Imagine you can squat about 500 lbs with good form and no suit. You put the suit on and after training and adapting you can squat 600lbs. Meaning that you can lift 500 of the 600lbs, and the equipment allows you to push 100lbs of the weight out of technical proficiency in equipment. That 100lbs of extra pressure and weight don’t just disappear until it’s convenient. You need to be able to control that pressure and force it to do what you need it to do. All while having 120% of your max on your back. However, you don’t just magically stand up. You again need to have control of the descent and ascent of the weight. This is why you see many equipped lifters bomb out or lose control of the weight. This is why stability and controlled power is so important in equipment. Possibly the best way to explain this is to think of a spring. That spring needs to be loaded just right for it to push directly into whatever object its pushing against. Load that spring wrong and it's going to pop to the side and possibly hurt someone.
The Real Purpose For Equipment
After hearing that last part of controlling the weight, you're probably thinking “Why would i want to get into gear if it's throwing my body around and making the lift so difficult”. Well, as i had also mentioned the equipment allows your body to stay tight and hold the best form. Speaking from personal experience after 12 years of powerlifting, i have had a few injuries, had to rehab plenty of times and even had a knee surgery. All that being said, i want to do what's best for my body, being injured sucks. In 2012, i had decided i was going to be a raw powerlifter, after a year i realized i was struggling with all sorts of aches and pains. Shoulders hurt, bi-weekly visits to the chiropractor, constantly searching for the next best stretching and prehab routine… etc. This was all because, my body hurt all the time. There was no serious injury stopping me from lifting but it was rough. Overtime i decided i wanted to give equipped lifting a try again (just for funsies). After a few weeks in the suit, i noticed my aches and pain started going away. My joints all felt better, my back needed less adjusting and i felt more power in all my lifts. I could focus more on lifting and less on not hurting myself. What started as a just-for-fun visit in equipment turned into the fuel of which ignited the flame and pushed me to be a better lifter. Even in Blaine Sumners Interview with JTSstrength.com he mentions that he struggled with shoulder and hip pain as a raw powerlifter, once the equipment was on, that pain went away. Gear won't simply fix any issues you have and i'm not saying that it doesn't beat the hell out of you, It just does it in a different way. After a heavy equipped squat, you don’t walk away with an achy back and crackling knees. You’ll walk away with sore quads, a few bruises, achy traps and a good night's sleep.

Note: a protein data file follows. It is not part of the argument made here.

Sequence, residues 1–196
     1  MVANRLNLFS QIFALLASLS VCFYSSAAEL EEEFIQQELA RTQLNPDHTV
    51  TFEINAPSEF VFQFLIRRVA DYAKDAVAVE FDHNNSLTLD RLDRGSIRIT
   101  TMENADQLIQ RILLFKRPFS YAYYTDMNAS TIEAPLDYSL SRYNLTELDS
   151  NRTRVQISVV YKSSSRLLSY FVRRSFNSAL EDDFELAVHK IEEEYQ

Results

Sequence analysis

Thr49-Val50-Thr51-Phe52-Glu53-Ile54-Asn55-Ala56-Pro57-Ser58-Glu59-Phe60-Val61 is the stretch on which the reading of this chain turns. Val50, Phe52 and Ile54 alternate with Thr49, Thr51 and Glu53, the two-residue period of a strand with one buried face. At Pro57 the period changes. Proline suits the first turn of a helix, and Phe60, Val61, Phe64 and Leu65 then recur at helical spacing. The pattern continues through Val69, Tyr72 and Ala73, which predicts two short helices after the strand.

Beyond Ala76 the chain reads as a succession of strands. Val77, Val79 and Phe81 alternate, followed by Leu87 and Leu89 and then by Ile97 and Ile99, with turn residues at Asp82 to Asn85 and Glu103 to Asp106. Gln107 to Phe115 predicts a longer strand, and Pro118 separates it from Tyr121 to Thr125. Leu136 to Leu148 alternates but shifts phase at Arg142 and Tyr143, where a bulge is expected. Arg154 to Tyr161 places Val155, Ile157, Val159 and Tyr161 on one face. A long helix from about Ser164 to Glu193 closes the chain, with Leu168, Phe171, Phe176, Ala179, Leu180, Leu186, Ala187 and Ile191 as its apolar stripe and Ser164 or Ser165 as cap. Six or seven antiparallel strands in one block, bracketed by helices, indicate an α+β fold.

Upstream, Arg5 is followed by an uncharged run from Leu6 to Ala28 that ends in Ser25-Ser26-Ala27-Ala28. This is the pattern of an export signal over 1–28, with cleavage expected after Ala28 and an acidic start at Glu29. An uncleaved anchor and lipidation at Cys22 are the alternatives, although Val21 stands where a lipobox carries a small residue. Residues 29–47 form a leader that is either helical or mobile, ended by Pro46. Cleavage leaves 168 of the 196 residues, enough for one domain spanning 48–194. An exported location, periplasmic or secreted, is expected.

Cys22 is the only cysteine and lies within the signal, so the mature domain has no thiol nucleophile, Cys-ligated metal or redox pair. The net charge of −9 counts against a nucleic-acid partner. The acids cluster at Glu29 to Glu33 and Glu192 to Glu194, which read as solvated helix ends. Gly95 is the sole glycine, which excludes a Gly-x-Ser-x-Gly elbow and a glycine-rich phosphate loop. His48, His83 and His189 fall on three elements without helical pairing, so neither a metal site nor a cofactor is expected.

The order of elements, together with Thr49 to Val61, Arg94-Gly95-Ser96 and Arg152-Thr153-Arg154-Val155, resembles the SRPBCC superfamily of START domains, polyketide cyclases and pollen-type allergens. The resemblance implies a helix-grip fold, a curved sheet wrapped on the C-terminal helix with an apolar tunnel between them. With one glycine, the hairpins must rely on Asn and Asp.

How much does equipment add to your lifts?
In equipped lifting you will notice there are more people lifting heavier weight. This leads one to believe that the suit allows you to lift more weight. This is true to a point, but the increase in weight comes from more than just “the suit lifting the weight for you.” An example of this is when a raw lifter asks an equipped lifter, “What's your raw max?” This a weird or difficult question for most equipped lifters. Most of the time equipped lifters don’t test their raw max. Typically an equipped lifter lifts raw in their training but rarely above an estimated 80% raw max or They will lift raw to appropriately warm up and prepare for getting into their suit. As a raw lifter, this would be like if I asked you, “What’s your max snatch?” You would be confused why I would be asking that. That’s not a lift a raw powerlifter typically performs to a max effort, most powerlifters would be unable to answer that question. This is also true for equipped lifting. Many equipped lifters do not focus on what their raw max is. They are instead focused on utilizing their raw squat to work on form, warm up for using equipment and other training purposes.
When people ask my raw max, I have to guess and explain that I haven't tested my raw max since 2014. For example, I have no need to know my raw squat max when my focus is to increase my equipped squat. Equipped lifting and raw lifting are very different. You cannot simply test a true equipped max one week, and then test your true raw max the next week. However, once a person unfamiliar with equipped lifting looks at the raw vs equipped numbers they usually assume that's how much they, or anyone, would get in equipment. Generally speaking, this is built from a stereotype that most equipped lifters “lift significantly less raw than they do in suits.” As previously mentioned, this is due to the fact that they don’t train to be good at lifting raw. I’ll admit, this is very much my situation.